For Zetkin, fascism opportunistically seizes power, when socialists fail to take advantage of a revolutionary situation. She blames reformists, who weaken left-wing militancy and open the way for a government that thinks “better the fascists than the socialists.” This reformist failure was evident in the 1920s and ‘30s and was certainly evident during the 2008 economic collapse. Bailing out financial criminals, Obama squandered his political capital with working people, who voted in a Republican congress in 2010, and then defected to Trump in 2016. Many working people just did not want another Wall-Street Democrat in power. When Clinton rigged the campaign through the Democratic National Committee against Sanders, she may well have handed Trump the presidency.

Zetkin lists Italian fascism’s failures to fulfill its promises, and the list brings to mind Trump’s faux populism, though it is far more detailed than Trump’s pledges. Despite promises, Italian fascism did not provide proportional representation, women did not get the vote, an economic parliament was not created, no national assembly was summoned to reform the constitution, there were no protections for the eight-hour day and the minimum wage, no insurance for the elderly and invalids, no funds for the unemployed, no demands that workers participate in factory leadership, no progressive tax on capital, no military reform, and religion returned to the schools. Today’s Republican party would applaud many of these betrayals, considering them sound policy.

Zetkin argues that fascism uses “either ‘democracy’ or a dictator,” provides the troops for the corporate capitalist assault on working people and “consists everywhere of an amalgam of brutal terrorist violence together with deceptive revolutionary phraseology.” She would not have been surprised at how Trump deployed populism in the 2016 election, nor at the subsequent fascist violence in Charlottesville, nor at the anti-Semitic slaughter in Pittsburgh. These are symptoms of the disease in its earliest stage. We’ve passed the window for a vaccine, and lukewarm Democratic polices will not provide a cure. The infection is present. It remains to be seen whether it can be controlled.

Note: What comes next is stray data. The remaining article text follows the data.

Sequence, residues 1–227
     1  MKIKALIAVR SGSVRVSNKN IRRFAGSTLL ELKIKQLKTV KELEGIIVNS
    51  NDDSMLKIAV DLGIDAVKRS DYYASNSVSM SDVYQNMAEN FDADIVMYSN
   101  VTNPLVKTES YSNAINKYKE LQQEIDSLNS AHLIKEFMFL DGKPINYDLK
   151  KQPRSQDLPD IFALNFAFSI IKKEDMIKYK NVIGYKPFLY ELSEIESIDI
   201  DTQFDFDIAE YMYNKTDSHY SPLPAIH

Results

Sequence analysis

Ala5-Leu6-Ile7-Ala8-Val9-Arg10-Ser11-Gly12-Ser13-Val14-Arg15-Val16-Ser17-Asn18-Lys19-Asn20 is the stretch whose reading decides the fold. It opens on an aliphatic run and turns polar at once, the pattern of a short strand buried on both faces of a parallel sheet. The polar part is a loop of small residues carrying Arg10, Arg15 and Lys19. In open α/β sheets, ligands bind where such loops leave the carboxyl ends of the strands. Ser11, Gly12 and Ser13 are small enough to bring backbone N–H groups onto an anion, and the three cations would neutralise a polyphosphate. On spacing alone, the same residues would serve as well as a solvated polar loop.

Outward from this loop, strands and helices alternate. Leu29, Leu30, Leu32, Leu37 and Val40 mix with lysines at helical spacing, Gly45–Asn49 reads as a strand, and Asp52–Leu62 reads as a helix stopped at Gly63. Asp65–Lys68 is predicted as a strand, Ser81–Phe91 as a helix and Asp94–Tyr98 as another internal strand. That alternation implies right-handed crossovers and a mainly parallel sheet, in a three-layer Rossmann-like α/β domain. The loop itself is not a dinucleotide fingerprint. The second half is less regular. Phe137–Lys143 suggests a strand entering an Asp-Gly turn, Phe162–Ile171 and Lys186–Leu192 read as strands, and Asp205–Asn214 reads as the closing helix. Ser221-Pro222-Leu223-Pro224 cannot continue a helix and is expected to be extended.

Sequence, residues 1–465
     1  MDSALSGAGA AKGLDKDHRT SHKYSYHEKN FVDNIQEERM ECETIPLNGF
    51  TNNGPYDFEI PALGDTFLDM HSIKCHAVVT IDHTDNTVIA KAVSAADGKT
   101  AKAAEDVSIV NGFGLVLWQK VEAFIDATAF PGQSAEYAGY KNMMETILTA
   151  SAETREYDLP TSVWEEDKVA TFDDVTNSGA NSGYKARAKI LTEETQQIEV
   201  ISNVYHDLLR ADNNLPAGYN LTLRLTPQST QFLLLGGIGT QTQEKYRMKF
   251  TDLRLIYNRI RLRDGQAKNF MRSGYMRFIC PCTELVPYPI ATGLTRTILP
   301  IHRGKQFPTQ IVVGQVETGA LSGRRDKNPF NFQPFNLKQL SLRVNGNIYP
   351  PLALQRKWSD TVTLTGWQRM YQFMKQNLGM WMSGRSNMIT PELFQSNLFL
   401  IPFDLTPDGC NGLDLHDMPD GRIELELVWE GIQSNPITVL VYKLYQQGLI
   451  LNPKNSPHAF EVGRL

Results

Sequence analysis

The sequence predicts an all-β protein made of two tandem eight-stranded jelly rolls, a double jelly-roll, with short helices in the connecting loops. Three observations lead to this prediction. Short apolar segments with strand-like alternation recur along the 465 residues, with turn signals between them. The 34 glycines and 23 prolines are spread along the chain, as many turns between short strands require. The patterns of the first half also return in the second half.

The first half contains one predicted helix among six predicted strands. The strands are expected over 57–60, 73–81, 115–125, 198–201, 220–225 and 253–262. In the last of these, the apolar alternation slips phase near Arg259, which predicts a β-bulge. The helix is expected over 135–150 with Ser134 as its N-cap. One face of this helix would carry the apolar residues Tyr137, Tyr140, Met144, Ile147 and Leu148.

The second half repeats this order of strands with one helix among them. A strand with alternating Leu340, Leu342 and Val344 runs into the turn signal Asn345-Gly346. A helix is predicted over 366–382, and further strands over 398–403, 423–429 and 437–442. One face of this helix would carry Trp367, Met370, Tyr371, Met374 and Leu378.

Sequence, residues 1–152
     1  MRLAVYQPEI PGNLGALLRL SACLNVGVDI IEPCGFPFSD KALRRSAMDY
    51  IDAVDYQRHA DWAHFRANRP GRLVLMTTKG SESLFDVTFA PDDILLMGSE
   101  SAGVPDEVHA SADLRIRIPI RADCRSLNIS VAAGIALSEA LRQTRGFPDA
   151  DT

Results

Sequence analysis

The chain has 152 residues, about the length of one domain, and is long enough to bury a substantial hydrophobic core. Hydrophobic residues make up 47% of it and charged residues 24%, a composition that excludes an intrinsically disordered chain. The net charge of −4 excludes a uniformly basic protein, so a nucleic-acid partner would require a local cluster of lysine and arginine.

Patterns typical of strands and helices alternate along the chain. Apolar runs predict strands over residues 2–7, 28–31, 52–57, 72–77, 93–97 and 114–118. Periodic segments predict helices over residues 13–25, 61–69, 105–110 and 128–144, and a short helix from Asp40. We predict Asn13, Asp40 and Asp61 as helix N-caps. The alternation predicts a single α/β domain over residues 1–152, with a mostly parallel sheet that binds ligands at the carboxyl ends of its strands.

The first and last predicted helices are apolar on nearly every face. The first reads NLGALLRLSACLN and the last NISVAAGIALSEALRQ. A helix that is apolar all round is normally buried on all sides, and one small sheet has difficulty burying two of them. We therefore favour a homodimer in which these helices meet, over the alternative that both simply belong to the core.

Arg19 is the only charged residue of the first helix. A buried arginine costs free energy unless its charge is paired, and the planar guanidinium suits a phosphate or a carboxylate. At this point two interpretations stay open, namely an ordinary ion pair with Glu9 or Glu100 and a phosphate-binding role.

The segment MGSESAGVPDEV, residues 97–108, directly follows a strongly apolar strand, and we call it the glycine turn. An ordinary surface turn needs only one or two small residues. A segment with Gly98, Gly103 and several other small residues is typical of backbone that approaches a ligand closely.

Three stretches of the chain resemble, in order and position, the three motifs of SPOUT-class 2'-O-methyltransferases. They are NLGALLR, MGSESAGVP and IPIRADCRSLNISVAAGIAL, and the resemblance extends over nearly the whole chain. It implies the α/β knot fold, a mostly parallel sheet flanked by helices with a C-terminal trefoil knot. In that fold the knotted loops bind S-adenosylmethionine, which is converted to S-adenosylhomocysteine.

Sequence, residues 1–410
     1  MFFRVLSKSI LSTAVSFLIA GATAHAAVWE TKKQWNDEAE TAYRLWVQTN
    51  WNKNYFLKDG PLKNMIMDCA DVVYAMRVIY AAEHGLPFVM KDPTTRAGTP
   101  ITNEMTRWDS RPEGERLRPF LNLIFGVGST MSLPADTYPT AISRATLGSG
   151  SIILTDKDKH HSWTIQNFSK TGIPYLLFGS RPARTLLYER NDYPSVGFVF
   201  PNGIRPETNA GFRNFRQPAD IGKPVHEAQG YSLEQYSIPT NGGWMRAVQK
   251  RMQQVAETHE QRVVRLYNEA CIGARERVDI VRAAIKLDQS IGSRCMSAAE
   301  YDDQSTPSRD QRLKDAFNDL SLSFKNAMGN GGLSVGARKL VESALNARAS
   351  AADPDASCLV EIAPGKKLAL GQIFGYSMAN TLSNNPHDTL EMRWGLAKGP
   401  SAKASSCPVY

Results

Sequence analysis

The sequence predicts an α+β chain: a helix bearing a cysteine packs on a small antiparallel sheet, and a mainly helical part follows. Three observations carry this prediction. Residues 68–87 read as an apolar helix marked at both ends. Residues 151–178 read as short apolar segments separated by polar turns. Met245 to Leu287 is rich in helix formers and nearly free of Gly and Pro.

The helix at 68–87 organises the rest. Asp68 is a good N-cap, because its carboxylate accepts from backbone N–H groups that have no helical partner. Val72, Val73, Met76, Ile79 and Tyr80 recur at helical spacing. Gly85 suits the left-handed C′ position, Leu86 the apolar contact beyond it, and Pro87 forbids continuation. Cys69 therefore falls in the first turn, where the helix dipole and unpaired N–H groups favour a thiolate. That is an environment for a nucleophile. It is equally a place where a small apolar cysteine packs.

Neruda, Poet and Communist

May 27, 2018

Tags: poetry, communism, Stalinism, fascism, Spanish civil war

"Neruda, The Poet’s Calling"
Mark Eisner
HarperCollins, 628 pages
$35

Eve Ottenberg
Many know that Pablo Neruda, Nobel Prize laureate and Chilean poet, was a communist. Less well known is that until the 1960s, he was a diehard Stalinist. Though he had an understandable reason for this – Stalin was the only world leader to support the Republican side in the Spanish Civil War, whose fascists murdered so many of Neruda’s friends – still his blindness about the dictator who slaughtered twenty million people is startling.